Now, having said that, once you have a job here it is easier to get another job due to the shuffle and because everybody knows everybody else and what they have worked on etc.

    Even more off-topic how many (and who) are usually in on a job interview in your area?

    My first job was a phone call with the Town Clerk and a second with the Town Manager.

    My second was the Director and the other planner.

    I had one which was for a teaching position which had 8-10 people including students.

    My current job is with a joint planning office so there was the Director, the 2 CAOs and the 2 chairs of the Planning Adivisory Committees.

  15. #15
    Cyburbian donk's avatar
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    Right now in NB is a good time to be a planner I can think of 3 or 4 mid / senior level jobs that are open. 1 director's jobs and a few entry level jobs. Only problem is the places that they are in have issues.

    Moving here was the best career decision I ever made, I have not been unemployed, except when I want to be for more then 2 months in the last 7 years. Only problem is that it is not teh best personal one I could have made.

    I will second JMF's comment on teh shuffle and everyone knowing everyone else.

    Way off topic, JMF are you going to the CAPS /API nights this weekend in Halifax? Personal message me and I'll email you details.
    Too lazy to beat myself up for being to lazy to beat myself up for being too lazy to... well you get the point....

  16. #16
    Cyburbian Cardinal's avatar
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    Originally posted by jmf
    Even more off-topic how many (and who) are usually in on a job interview in your area?
    For my current job I interviewed with:

    1. city manager

    2. public works director, assistant public works director/city engineer, and zoning/code enforcement director

    3. one set of 4-5 board members and council members

    4. second set of board members and council members (lunch)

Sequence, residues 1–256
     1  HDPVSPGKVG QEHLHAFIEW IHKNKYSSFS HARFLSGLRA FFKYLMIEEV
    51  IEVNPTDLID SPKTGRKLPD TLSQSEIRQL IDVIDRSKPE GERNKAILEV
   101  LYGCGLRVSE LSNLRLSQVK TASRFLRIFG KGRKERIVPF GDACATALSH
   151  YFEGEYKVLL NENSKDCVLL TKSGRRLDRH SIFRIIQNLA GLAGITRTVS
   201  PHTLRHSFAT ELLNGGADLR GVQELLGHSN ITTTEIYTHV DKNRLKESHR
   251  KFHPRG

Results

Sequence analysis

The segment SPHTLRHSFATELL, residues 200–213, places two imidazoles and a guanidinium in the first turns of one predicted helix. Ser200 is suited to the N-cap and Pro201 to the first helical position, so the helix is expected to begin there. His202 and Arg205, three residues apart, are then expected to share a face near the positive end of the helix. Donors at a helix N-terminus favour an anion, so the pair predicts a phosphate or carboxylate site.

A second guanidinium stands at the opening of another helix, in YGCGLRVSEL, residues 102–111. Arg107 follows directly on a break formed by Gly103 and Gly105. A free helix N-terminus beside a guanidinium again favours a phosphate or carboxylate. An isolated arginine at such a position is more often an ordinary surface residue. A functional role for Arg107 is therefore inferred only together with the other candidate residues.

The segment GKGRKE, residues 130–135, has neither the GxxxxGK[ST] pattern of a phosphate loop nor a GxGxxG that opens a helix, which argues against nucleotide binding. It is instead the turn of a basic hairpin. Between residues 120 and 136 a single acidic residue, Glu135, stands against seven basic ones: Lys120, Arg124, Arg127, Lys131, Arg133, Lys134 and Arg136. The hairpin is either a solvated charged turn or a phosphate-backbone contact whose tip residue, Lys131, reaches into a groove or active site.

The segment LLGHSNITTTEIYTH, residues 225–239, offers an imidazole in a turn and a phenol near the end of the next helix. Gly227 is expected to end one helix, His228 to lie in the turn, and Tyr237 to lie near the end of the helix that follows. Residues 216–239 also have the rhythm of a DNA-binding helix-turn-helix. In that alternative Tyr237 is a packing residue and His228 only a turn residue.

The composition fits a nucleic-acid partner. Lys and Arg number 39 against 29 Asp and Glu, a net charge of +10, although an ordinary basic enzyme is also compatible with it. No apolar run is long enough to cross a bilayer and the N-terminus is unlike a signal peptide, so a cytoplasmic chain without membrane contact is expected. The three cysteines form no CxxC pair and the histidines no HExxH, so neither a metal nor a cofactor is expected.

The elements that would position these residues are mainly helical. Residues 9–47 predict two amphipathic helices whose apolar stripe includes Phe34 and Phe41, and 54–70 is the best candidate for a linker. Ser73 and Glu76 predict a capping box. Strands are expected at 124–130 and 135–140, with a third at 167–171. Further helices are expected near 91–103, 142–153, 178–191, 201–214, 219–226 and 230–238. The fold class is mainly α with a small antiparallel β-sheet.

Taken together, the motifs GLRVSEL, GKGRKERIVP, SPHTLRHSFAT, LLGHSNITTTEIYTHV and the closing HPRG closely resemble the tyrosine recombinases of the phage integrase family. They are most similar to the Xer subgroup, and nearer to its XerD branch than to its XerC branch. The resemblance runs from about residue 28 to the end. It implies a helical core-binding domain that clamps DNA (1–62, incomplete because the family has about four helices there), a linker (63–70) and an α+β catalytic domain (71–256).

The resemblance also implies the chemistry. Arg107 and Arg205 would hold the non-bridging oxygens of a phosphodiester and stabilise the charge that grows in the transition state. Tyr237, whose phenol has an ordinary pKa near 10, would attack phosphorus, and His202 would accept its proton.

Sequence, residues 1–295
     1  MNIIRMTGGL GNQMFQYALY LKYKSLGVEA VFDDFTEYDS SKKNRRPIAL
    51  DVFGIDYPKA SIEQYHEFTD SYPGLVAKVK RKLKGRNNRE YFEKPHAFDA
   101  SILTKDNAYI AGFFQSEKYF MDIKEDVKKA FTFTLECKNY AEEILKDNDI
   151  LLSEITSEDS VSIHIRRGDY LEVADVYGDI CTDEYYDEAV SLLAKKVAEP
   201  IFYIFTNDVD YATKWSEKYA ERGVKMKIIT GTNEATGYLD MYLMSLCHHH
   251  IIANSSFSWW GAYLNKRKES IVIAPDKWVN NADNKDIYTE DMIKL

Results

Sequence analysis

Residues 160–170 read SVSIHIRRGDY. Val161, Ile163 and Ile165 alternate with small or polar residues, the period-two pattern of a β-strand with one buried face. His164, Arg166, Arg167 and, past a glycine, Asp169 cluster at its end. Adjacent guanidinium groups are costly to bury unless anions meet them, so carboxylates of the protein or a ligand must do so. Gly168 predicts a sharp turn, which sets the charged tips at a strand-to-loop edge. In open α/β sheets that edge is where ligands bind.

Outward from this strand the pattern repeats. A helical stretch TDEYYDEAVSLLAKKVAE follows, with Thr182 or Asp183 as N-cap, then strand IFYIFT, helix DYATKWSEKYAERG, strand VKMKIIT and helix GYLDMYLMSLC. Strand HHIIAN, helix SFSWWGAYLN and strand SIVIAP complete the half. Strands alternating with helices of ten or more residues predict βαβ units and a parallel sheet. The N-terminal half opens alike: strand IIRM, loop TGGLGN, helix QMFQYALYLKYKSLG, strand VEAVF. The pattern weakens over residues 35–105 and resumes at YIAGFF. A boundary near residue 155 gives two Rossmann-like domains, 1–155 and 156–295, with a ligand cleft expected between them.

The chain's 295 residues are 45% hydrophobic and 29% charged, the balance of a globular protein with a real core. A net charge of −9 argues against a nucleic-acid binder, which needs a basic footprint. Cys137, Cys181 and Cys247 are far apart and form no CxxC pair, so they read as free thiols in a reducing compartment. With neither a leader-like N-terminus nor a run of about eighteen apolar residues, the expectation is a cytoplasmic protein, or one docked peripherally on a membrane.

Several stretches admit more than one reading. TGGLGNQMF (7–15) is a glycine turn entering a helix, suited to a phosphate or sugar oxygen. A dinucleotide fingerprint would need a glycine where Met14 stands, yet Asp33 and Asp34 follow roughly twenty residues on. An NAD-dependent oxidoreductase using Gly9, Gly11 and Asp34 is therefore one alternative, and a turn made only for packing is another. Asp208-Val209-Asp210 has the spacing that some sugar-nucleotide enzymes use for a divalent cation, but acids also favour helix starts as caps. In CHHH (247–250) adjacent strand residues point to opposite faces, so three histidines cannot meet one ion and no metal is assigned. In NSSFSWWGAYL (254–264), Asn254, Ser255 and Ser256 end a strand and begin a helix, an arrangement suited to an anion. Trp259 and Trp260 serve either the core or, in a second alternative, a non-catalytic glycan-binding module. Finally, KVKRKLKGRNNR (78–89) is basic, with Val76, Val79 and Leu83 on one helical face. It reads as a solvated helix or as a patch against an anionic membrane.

A total of about 12.

  17. #17
    Gunfighter Mastiff's avatar
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    The good thing is... I like small towns. It's easier to get a job for me, since I have a diverse background. I can hardly imagine doing JUST planning.
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  18. #18
    Cyburbian Emeritus Chet's avatar
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    Originally posted by jmf
    Still off-topic
    Even more off-topic how many (and who) are usually in on a job interview in your area?
    I interviewed with the Mayor, President of the Common Council, Finance Director, and the Town-Next-Door's Planning Director.

    It was actually really fun, obviously we clicked....

  19. #19
    Cyburbian boiker's avatar
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    they're on crack

    APA is on crack, the salary calc is crap.

    i should be making over 20k less than I will be at my new position.

    I want to meet the person who can make 25k per year work in the NW suburbs of Chicago.
    Dude, I'm cheesing so hard right now.

  20. #20
    Cyburbian Cardinal's avatar
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    Re: they're on crack

    Originally posted by boiker
    I want to meet the person who can make 25k per year work in the NW suburbs of Chicago.
    Oh, sure, if you don't mind living in the worts parts of Waukegan or Rockford, and commuting an hour and a half each way.

    They don't really think the salary is that low, do they? I wonder if the calculator is based on old (I mean very old) wage data.

  21. #21
    Cyburbian pandersen's avatar
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    Salary calculator

    Originally posted by jmf


    Totally off-topic but....Interesting.....

    I tried it and adjusted the amount for AICP to $1000 for CIP and came out with $27,027US which comes out to just over $41,000Cdn which is about what I would be making if I had stayed in my old job. I am making way less in this contract position though.
    I too ran the calculator. The only variable I was not able to account for was the "state" employed in as I work up here in Canada - I chose to use "0" in this case.

    After working out my suposed value in u.s. funds, I merely added 35% to get the Cdn equivalent. Turns out that I'm making 2-3k/yr less than the calculator says I worth. I can live with that.